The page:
Bitter split on left on show in seat of German government

Icy welcome from former colleagues for new party in Bundestag

When political change happens in German federal politics, it shows up first in the Bundestag seating plan – such as this week.

Unlike other parliaments with long benches, the Bundestag redesign a quarter century ago gave each MP their own seat with a special “Reichstag Blue” upholstery.

This arrangement worked fine for five parties and 699 seats back in 1999 – but has come up against its limits in an increasingly fragmented parliament with 736 MPs and a new, seventh, grouping.

The latest bitter split on Germany’s political left has ensured an icy welcome for 10 members of the new Sahra Wagenknecht Alliance (BSW), founded on Saturday, in their assigned new seats alongside their former colleagues in the Linke (Left) party.


This midterm split – only the second in post-war German history – has left the Linke a shadow of its former self with just 28 seats, nine short of the 37 required to qualify as a full Bundestag parliamentary party.

This means more than just a cut to its €7.4 million tax-funded annual budget: it has had to vacate its parliamentary party rooms and fire about a third of its 128 Bundestag staff members.

Anything the parliamentary party owns worth anything has been – or will be – sold off to pay outstanding bills.

It’s a dramatic loss in prestige for the Linke, founded in 2007 after a merger of disillusioned Social Democrats (SPD) and the PDS, legal successor to East Germany’s ruling communist party.

At the weekend Gregor Gysi, co-founder of both the PDS and the Linke, attacked his long-time rival Wagenknecht for “stealing” 10 of the party’s seats.

“I mean, I’m vain but not even I would have dared name a party after myself,” he added bitterly.

Not even Gysi’s political experience and charisma could turn the party’s two warring camps – hard-left and pragmatist – into a coherent grouping. Instead their epic, internal feuds consumed time, energy and credibility – and the party never made it beyond the Bundestag opposition bench.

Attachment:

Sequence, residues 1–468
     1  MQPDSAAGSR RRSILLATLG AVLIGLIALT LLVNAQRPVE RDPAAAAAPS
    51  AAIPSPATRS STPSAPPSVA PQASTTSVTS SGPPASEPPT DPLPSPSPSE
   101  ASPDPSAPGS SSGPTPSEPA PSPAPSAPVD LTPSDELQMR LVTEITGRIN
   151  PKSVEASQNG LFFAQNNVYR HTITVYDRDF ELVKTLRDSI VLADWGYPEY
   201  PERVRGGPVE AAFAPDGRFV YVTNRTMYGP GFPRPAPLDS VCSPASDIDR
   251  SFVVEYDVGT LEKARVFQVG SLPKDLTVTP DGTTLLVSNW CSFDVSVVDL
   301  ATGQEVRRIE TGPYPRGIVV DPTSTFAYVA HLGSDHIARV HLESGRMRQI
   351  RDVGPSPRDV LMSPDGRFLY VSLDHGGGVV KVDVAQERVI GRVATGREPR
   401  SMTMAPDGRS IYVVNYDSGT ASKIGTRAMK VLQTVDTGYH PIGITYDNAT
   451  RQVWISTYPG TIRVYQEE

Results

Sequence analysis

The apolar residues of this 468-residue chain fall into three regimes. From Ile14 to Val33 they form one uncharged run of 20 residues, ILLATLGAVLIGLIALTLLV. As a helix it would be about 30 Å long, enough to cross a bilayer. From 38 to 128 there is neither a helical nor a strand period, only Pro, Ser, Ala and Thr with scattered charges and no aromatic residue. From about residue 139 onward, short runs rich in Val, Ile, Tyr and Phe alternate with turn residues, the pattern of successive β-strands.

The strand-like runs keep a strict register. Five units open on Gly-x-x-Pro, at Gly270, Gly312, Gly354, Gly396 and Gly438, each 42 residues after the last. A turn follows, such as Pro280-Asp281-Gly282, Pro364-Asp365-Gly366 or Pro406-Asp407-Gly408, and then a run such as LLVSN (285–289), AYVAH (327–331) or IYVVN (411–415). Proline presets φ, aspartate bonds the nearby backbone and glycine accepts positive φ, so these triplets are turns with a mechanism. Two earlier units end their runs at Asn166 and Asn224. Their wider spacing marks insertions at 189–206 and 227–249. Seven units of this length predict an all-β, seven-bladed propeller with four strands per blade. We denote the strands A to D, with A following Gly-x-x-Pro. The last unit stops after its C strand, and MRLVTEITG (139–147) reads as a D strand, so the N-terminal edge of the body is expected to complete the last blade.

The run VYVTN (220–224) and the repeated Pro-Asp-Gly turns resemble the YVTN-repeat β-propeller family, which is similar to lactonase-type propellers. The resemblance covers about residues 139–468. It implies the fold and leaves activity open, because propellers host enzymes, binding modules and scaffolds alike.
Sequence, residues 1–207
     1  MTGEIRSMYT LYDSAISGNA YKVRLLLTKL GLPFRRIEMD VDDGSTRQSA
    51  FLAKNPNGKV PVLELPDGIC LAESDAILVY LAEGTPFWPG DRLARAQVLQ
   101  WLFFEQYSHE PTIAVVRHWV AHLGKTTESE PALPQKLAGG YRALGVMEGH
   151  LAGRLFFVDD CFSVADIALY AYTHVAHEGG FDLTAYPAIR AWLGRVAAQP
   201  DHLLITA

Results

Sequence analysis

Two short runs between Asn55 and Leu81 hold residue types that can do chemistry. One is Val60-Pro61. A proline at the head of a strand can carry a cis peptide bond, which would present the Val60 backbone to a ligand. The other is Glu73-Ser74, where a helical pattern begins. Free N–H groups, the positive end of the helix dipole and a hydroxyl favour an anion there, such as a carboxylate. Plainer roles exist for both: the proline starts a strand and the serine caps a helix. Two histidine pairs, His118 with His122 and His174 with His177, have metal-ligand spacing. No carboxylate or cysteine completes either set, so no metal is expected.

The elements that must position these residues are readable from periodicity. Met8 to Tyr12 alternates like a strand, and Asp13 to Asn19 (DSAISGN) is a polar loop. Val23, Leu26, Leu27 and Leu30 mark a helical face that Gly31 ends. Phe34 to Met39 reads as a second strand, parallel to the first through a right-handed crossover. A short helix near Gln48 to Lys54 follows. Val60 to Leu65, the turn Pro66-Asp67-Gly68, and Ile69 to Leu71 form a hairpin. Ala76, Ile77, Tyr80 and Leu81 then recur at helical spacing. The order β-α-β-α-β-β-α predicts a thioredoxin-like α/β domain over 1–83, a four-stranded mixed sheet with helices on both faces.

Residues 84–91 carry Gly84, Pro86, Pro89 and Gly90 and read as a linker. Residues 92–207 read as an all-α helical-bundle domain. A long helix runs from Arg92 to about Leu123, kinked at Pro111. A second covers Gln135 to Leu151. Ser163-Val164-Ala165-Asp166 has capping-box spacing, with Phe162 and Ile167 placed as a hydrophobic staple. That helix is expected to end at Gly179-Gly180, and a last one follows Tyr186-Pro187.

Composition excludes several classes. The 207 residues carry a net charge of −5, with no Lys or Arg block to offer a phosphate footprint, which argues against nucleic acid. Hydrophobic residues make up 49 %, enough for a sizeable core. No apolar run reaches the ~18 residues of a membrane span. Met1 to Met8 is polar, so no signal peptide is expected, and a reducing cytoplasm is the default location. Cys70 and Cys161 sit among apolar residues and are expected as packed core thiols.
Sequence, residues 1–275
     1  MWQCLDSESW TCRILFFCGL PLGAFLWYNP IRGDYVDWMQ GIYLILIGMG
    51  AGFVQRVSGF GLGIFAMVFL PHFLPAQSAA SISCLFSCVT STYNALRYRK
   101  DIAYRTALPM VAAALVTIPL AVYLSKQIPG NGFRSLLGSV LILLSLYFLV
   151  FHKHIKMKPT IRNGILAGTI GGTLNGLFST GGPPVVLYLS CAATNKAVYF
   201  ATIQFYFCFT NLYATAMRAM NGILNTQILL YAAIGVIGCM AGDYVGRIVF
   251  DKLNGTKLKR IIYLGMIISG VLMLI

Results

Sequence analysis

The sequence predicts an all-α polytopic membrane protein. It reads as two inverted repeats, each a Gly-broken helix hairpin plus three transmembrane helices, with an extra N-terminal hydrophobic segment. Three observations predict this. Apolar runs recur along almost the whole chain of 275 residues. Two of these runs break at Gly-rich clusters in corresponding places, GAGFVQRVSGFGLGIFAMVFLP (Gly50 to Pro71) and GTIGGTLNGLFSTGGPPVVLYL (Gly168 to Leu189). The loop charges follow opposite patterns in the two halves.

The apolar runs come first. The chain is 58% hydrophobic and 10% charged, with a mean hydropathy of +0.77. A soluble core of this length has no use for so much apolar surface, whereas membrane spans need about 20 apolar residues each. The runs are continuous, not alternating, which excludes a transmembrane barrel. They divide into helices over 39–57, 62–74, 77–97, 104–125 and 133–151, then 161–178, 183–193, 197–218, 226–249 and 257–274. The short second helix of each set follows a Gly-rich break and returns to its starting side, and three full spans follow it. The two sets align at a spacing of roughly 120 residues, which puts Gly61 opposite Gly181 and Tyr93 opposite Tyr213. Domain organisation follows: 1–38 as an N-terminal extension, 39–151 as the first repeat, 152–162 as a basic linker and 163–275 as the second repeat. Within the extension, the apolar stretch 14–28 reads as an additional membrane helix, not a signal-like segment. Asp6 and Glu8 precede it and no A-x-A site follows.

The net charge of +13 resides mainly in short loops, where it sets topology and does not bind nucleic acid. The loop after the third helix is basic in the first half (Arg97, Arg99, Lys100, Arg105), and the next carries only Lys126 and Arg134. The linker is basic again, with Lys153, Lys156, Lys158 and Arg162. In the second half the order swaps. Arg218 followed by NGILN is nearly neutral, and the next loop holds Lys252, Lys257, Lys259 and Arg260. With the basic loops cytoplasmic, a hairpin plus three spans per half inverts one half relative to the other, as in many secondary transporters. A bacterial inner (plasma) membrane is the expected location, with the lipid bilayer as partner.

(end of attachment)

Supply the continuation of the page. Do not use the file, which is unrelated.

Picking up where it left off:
Though a tested coalition partner in eastern federal states – it heads the government in Thuringia – the Linke is struggling here, too. Things look particularly bleak in two other traditional eastern heartland states that go to the polls in September to choose new state governments.

In Saxony it has haemorrhaged support to the far-right Alternative für Deutschland (AfD) and polls put the party below the 5 per-cent cut-off for parliamentary representation. And that was before the Bundestag walkout of Wagenknecht, a popular eastern-raised politician.

With time short before the autumn state polls – and the European elections on June 9th – Linke leaders in Berlin are anxious to make the most of their new, reduced circumstances as a “grouping” rather than a full parliamentary party.

On Tuesday they protested that proposed new Bundestag arrangements for them, to be voted on this week, will stack the odds against them: curtailing both debate speaking time and parliamentary questions.

Halfway through this term, the Linke had posed 966 parliamentary questions, about 60 a month – with answers that triggered news cycles about everything from pensions to far-right extremism. New rules would limit them to 10 a month.

“Attempts to cap our questions would endanger our ability to operate effectively as parliamentary opposition,” said Dietmar Bartsch, a senior Linke MP and former parliamentary party co-chair.

On Tuesday Berlin’s ruling coalition promised a “fair procedure” for new rules and Linke co-leader Janine Wissler remains hopeful of last-minute concessions. Refusing her MPs more leeway to question government work would, she warned, represent a clear attempt to “prevent numbers and information coming to light about social injustice, poverty and arms exports”.